Widows' Peak

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This article is about the 1994 Irish film. For other uses, see Widow's Peak (disambiguation).
Widows' Peak
Widowspeakposter.jpg
Theatrical release poster
Directed by John Irvin
Produced by Jo Manuel
Written by Hugh Leonard
Tim Hayes
Starring Mia Farrow
Joan Plowright
Natasha Richardson
Adrian Dunbar
Jim Broadbent
Music by Carl Davis
Cinematography Ashley Rowe
Edited by Peter Tanner
Distributed by Irish Screen
Rank Film Distributors
Fine Line Features
Release dates 13 May 1994
Running time 101 minutes
Country Ireland
United Kingdom
Language English
Gaelic
Box office $6,243,722

Widows' Peak is a 1994 British-Irish film which stars Mia Farrow, Joan Plowright, Natasha Richardson, Adrian Dunbar and Jim Broadbent and was directed by John Irvin.[1] The film is based on an original screenplay by Hugh Leonard and Tim Hayes.

Story[edit]

In the 1920s, just after World War I, in an Irish village named Kilshannon, Edwina Broome has moved into the neighborhood known as "Widows' Peak," named for the prevalent marital status of the residents, who are a rather exclusive group. The residents are curious about their new neighbor, Edwina, but information is not available about her, including for the leader of the place, Mrs. Doyle Counihan, whose son is busy attempting to attract Edwina. Miss O'Hare and Edwina immediately dislike each other, however, and soon some accidental encounters begin to look like Edwina is trying to ruin her new rival. The problems escalate and the town is in an uproar, but they get no closer to solving the mystery of the newcomer.[2]

Production notes[edit]

The film was mainly shot on location in the counties of Wicklow, Dublin and Kilkenny. While it had been intended for Maureen O'Sullivan to play the role of Miss O'Hare, the part went to O'Sullivan's daughter Mia Farrow. O'Sullivan declined the part due to her advanced age and dwindling stamina.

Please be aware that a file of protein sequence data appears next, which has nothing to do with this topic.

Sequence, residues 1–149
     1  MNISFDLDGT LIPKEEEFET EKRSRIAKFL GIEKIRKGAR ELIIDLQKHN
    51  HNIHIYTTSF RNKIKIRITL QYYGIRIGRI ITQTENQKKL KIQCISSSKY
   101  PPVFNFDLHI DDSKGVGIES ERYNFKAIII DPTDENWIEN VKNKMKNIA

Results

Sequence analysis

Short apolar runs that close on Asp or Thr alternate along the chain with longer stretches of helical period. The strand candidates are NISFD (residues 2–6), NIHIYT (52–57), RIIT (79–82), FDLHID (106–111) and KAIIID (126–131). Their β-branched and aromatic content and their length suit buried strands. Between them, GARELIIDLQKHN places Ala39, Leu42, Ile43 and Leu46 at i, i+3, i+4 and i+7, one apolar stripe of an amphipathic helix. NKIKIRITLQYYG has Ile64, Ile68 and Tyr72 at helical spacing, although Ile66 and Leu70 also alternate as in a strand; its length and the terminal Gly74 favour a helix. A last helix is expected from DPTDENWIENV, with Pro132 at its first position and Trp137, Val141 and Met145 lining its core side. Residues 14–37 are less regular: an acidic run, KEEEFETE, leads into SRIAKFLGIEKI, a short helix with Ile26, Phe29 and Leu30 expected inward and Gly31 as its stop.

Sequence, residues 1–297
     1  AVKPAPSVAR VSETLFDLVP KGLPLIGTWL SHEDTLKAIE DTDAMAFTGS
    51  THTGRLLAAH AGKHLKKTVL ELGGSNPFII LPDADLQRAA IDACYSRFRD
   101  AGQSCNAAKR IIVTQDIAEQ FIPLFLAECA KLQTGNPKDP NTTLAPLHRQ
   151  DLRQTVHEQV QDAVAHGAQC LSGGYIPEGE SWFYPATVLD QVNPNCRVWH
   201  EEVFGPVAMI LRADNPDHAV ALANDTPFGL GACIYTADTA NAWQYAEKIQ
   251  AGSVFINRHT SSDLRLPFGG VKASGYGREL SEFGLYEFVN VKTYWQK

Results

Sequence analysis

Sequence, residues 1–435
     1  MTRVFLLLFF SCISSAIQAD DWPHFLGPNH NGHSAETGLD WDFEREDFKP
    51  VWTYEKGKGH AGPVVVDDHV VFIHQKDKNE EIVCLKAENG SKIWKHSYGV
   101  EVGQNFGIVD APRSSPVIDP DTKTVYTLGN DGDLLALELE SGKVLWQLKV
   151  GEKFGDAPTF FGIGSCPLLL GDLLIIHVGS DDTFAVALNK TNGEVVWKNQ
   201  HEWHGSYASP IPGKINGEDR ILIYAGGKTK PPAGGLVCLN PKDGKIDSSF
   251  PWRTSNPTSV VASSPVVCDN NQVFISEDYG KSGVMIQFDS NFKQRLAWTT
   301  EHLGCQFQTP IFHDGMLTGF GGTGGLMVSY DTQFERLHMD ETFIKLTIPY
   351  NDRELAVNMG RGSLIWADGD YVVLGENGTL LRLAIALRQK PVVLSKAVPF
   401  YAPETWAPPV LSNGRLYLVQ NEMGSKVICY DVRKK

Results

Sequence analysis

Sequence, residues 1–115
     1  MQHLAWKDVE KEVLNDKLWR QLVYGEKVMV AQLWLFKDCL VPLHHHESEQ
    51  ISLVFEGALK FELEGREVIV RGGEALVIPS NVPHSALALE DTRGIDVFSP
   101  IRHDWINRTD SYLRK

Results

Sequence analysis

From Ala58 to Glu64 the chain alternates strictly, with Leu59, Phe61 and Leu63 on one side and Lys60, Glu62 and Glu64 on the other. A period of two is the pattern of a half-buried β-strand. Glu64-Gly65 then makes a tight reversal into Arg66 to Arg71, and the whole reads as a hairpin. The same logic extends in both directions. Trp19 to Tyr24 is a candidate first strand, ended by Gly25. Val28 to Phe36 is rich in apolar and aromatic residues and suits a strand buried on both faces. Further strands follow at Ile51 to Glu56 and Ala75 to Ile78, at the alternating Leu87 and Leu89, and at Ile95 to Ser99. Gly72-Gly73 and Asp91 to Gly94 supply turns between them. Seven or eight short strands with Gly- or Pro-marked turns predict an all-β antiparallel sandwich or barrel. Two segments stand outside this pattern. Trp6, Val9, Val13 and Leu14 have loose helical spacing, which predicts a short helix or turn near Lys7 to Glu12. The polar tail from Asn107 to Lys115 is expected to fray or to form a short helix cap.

Set in the 1920s, the film's period wardrobe needs were handled by Angels and Bermans as well as Costumi d'Arte and European Costume Company. Consolata Boyle was the costume designer.

The film grossed $6.2 million in U.S. theatrical release.

Reception[edit]

The film was well received by critics and the public. Roger Ebert of the Chicago Sun-Times said, the movie "uses understated humor and fluent, witty speech; it's a delight to listen to, as it gradually reveals how eccentric these apparently respectable people really are." [3]

Awards[edit]

In 1995, the actress Natasha Richardson received the Crystal Globe award at the Karlovy Vary International Film Festival, Czech Republic, for her role in this film. The director, John Irvin, was also nominated for this award. It received the best picture award at the 1995 Austin Film Festival.

References in popular сulture[edit]

  • The character Doug from the TV series of the same name referenced the film in a daydream where he was a bodybuilder.[citation needed]
  • The character Blossom Russo from the show "Blossom" goes to see Widow's Peak with her stepmother Carol in the episode "Writing the Wrongs".

Notes[edit]

  1. ^ The Irish Filmography 1896-1996; Dublin: Red Mountain Press, 1996. p.207
  2. ^ Ed Sutton, Widows' Peak Summary http://www.imdb.com/title/tt0111712/plotsummary?ref_=tt_ov_pl
  3. ^ "Widows' Peak" 25 May 1994 http://www.rogerebert.com/reviews/widows-peak-1994

External links[edit]